Texas City Approves Residential Development on Karst

February 12, 2013 / Texas, United States, North America

Lazy Oaks Ranch, San Marcos, Texas

Earlier this month the city council of San Marcos, Texas approved the development of Lazy Oaks Ranch, a 1,396-acre property that is part of the recharge zone for the Edwards Aquifer.

Most of the land, made up of flood plains, steep slopes, and karst, is now slated to be developed into 1,750 lots of different sizes, with the remainder of the property, about 470 acres or one-third, set aside for open space and conservation.

City officials have stated that the most sensitive features of the property, including at least one cave, will be protected.

Furthermore, due to the property’s potential for providing habitat for endangered species, environmental studies will have to be done, and any state and federal environmental protections could override the decision.

Until the results of environmental studies are received for this property—and these are received by federal, state and city officials—there’s no guarantee as to how much of the proposed project will be eligible for development. We don’t know. Kristy Stark, Assistant Director, City of San Marcos Development Services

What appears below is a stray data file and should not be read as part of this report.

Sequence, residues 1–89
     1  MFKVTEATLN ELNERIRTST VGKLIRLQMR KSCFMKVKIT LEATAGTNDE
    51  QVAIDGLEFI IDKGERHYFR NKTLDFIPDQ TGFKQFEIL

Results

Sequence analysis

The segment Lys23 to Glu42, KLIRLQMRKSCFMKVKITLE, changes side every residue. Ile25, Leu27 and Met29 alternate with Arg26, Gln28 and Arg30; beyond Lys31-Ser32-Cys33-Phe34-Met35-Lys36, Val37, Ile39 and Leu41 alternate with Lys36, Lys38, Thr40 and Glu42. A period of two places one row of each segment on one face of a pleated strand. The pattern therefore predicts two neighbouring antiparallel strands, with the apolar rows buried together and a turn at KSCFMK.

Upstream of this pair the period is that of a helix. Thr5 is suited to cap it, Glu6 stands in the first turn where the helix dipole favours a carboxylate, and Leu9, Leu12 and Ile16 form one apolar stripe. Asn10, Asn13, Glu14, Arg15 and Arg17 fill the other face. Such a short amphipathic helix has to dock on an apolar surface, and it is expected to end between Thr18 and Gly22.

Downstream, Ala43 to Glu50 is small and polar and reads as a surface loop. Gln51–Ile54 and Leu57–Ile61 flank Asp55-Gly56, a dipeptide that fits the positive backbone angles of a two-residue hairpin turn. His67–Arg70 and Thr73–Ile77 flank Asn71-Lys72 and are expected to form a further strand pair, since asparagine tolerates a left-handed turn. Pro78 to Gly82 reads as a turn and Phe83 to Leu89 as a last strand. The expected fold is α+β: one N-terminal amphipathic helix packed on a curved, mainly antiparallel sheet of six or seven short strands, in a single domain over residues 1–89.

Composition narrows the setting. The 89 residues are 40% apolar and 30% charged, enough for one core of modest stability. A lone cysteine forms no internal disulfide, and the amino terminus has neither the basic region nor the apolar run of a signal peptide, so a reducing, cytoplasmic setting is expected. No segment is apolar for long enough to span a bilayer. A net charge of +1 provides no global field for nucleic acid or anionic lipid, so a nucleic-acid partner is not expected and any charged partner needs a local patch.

Although there is currently there is no timeline for construction, development must begin in the next five years or the agreement expires.

San Marcos City Council OKs 1,396-acre development [impactnews.com] & Lazy Oaks Ranch gets preliminary okay from city council [San Marcos Mercury]

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Comments (1)

  1. Myotis Velifer
    February 15, 2013 at 10:43 pm

    All of the lawn chemical will wash into aquifer. Dumb people will dump paint, oil and other chemicals in storm sewers. Trash with chemicals will accidentally get washed into limestone cracks via rain. Over-population is not the answer to our problems, or the problems we will have in the area in 50 years. Better to build efficient affordable hi-rises.


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